Oak trees have the same unblushing approach to reproduction that characterizes the plant world's expression of all necessary physical functions, including growth, nutrition, birth and death. Green plants do the weirdest things, and you never see them sweat.
Oak trees, it turns out, fertilize themselves, having the necessary equipment for both male and female functions. The botanical term for this overdetermined status, according to the sources I have consulted, is "monoecious," an unpronounceable word meaning they produce both male and female flowers.
So in the spring, when a green plant's fancy turns to reproduction, oak trees produce male flowers called "staminate" and female flowers called "pistillate," both on their own tree self. These flowers are such modest tints of green, yellow and tan -- unlike the reds and hot pinks and orange and lavender of shameless fruit trees resulting in events such as "cherry blossom time," or the pure alba of the dogwoods -- that you hardly know they are there.
Yet quietly in the sturdy, straight-ahead manner characteristic of its kind, the oak gets the job done. The male flowers "grow into a thin, wormlike shape known as a catkin or an ament," according to my source (http://www.ehow.com/about_6465166_do-oak-trees-reproduce_.html).
There we have it: "catkins," a word redolent of Victorian drawing classes and a famous love scene in a once-shocking D.H. Lawrence novel called "Women in Love."
That 'wormlike' shape has a certain masculine sneakiness to the sound of it. Sure enough catkins consist of "stamens," the male flower part that releases the substance that so troubles allergy sufferers int he spring: pollen. I now know where to look for the cause of the many sneezes that have accompanied this year's early growing season. I recall the word "stamen" as one of those common "parts of a flower," now I know that stamens are in biological cahoots with 'catkins.'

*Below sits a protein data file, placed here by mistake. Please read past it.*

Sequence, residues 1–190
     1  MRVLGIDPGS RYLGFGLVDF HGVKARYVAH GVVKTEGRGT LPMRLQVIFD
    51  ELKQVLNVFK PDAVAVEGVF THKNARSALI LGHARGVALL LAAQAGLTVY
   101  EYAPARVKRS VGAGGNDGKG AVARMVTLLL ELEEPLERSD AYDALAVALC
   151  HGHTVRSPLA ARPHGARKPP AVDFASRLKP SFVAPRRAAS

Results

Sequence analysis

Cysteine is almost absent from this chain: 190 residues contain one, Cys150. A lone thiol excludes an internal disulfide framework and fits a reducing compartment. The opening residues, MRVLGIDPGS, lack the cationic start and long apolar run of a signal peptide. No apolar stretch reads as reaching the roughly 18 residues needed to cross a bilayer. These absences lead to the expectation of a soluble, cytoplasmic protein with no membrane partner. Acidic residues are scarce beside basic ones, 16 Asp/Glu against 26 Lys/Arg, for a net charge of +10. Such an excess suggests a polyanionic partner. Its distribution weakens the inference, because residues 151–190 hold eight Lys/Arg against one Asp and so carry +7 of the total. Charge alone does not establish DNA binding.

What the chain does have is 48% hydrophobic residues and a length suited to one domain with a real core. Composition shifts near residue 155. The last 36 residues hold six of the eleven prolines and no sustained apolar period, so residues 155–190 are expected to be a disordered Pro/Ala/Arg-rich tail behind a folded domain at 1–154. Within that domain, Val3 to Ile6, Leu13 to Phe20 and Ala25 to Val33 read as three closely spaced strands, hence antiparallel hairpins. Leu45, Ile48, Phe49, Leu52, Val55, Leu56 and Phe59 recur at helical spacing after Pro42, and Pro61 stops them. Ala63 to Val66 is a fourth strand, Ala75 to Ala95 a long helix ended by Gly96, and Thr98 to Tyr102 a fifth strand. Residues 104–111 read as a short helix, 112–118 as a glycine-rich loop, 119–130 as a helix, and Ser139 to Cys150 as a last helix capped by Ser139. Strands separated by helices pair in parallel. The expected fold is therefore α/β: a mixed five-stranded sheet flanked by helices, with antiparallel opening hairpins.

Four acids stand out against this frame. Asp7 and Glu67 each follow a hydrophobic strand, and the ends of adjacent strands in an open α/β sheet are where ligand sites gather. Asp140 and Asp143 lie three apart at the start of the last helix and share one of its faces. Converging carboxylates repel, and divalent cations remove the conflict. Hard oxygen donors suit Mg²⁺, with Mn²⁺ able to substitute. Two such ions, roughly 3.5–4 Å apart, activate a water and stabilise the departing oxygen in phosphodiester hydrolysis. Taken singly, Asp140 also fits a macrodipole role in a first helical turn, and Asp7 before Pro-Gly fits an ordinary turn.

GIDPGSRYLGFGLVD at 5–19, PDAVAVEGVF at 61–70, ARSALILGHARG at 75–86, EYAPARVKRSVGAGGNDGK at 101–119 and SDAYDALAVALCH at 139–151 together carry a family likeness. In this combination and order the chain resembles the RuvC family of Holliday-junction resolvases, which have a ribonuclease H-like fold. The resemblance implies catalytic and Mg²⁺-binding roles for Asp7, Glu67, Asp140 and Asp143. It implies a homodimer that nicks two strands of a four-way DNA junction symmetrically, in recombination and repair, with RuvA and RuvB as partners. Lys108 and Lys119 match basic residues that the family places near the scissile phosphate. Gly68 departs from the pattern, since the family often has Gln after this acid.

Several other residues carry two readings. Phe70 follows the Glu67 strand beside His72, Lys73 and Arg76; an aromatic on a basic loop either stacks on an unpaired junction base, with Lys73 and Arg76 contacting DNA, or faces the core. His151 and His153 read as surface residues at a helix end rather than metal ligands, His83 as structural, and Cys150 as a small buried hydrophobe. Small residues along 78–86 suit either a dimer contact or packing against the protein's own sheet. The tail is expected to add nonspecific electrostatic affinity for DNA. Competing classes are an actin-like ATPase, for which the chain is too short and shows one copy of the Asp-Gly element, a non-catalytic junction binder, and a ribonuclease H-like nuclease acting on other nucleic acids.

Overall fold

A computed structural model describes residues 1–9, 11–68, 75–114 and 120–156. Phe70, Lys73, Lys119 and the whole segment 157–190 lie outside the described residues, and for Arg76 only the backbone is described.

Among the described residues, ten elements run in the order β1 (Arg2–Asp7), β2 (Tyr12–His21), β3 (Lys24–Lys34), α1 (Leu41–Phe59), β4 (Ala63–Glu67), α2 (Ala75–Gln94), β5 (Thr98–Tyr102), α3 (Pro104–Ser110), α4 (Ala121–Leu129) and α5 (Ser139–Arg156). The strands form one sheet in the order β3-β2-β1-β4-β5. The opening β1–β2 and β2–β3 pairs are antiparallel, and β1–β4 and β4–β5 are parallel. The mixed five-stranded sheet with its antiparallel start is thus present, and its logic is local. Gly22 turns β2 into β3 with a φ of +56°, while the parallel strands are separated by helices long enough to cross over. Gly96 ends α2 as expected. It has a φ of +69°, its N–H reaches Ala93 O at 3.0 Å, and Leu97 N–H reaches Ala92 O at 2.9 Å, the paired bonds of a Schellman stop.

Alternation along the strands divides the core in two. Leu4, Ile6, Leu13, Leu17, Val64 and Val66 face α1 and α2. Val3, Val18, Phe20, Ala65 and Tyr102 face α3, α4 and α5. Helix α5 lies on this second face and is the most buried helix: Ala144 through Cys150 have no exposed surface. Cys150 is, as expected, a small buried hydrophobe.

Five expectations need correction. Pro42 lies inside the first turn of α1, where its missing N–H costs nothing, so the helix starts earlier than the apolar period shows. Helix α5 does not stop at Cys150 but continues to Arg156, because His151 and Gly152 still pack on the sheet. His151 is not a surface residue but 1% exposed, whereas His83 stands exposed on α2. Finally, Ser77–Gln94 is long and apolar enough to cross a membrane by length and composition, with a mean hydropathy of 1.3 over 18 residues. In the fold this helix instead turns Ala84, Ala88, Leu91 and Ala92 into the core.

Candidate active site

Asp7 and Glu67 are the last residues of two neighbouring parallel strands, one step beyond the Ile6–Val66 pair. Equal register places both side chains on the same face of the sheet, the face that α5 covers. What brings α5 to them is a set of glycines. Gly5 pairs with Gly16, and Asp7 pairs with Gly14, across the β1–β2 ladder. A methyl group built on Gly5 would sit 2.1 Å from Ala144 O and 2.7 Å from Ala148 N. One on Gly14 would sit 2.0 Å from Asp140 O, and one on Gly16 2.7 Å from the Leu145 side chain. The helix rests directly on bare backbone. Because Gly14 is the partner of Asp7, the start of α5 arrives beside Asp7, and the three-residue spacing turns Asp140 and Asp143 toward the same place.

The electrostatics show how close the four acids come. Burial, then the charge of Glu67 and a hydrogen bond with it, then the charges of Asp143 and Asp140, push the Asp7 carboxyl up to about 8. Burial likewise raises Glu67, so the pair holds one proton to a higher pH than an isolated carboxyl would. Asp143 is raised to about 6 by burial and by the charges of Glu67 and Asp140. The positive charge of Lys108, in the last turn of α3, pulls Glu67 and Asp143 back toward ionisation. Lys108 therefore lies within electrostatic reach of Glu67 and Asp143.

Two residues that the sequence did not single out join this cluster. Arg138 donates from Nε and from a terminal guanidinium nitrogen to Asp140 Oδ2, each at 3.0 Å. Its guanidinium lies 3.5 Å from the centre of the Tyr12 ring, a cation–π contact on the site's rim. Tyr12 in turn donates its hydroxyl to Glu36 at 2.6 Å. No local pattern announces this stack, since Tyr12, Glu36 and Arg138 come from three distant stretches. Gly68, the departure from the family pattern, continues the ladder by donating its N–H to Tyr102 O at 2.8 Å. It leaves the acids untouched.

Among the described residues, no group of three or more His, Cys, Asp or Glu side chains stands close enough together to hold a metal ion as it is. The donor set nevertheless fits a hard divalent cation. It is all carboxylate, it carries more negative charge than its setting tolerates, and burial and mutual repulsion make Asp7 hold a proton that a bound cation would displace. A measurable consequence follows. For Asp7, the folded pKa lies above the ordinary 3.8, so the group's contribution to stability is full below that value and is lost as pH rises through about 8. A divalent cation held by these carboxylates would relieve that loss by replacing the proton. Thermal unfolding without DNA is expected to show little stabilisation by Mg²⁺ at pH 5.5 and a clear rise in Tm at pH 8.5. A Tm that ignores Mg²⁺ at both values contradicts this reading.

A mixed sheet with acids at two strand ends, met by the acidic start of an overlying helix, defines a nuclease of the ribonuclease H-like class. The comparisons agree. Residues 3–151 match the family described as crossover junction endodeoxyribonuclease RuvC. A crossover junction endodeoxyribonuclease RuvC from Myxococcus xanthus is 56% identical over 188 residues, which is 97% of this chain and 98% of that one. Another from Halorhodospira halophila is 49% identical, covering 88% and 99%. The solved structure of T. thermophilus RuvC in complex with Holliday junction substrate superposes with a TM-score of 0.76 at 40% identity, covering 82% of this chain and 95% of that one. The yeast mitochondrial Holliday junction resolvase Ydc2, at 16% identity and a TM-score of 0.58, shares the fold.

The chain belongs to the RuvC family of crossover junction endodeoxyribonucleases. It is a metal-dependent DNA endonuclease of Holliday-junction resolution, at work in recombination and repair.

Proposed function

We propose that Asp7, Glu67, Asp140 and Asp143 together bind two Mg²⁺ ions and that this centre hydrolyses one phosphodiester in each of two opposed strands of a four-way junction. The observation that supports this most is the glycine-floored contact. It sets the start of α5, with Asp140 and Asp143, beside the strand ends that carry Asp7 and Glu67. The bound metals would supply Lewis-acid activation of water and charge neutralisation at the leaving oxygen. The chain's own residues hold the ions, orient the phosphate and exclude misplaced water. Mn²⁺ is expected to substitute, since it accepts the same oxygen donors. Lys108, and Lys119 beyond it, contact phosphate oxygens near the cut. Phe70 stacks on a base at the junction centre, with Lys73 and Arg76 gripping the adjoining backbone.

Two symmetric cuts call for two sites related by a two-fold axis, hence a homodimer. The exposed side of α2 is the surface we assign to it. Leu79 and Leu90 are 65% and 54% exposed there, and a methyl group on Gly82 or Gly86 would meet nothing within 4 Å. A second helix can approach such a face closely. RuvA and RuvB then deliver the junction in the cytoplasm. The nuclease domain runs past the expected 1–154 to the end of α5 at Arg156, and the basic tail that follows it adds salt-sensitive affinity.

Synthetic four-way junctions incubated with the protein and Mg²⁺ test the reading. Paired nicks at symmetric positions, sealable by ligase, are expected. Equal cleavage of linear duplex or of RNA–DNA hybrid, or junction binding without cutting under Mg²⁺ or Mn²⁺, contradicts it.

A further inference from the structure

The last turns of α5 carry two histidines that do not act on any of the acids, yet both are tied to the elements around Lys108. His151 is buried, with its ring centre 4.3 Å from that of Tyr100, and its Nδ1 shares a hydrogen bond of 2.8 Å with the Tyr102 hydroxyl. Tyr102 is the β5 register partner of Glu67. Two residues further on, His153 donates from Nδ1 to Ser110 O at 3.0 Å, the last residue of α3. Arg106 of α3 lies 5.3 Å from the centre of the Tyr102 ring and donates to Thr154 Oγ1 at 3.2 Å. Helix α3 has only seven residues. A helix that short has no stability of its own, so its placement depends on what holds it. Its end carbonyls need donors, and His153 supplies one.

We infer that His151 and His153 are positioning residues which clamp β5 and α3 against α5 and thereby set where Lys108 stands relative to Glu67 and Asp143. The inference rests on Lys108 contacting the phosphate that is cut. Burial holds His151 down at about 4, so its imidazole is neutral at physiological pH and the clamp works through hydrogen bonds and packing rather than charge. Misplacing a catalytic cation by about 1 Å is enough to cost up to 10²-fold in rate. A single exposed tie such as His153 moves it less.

OK. Stamens give us pollen, which besides making people go red-eyed and sneezy, comes to rest (according to my source) on "receptive stigma in the female flower." That's pretty blunt.
But add this: "with a little help from the wind." Ah, those pandering breezes of spring.
So I now know why those light brownish wormlike organic somethings are all over my yard, a fresh supply of them every morning on the 'bistro' table where we breakfast in warm weather under the oak tree. I have been picking them off the upper leaves of plants, just because their pervasive accumulation dulls the color.
We're ready to bring this indictment to a close now. The oak tree's female flower -- don't ask me what they look like, but I know they're not long and stringy like catkins -- "grow where the leaf stalks meet the branches or twigs." They are modest and unassuming, I suppose, but in the end they conquer, and endure, hang around all summer, and deliver the goods. Because by summer's end those "receptive stigma" grow into acorns. And here we are in familiar territory.
How do these acorns, that we step on on the sidewalk and make that satisfying crunchy sound, come about? Now we know.
One last term is introduced as our source informs us that acorns "sit in hard cups called peduncles."
So do we all understand now why in a boom year like the current one we have brownish, yellowish tree detritus all over our yards?
Well I'll be a monkey's peduncle.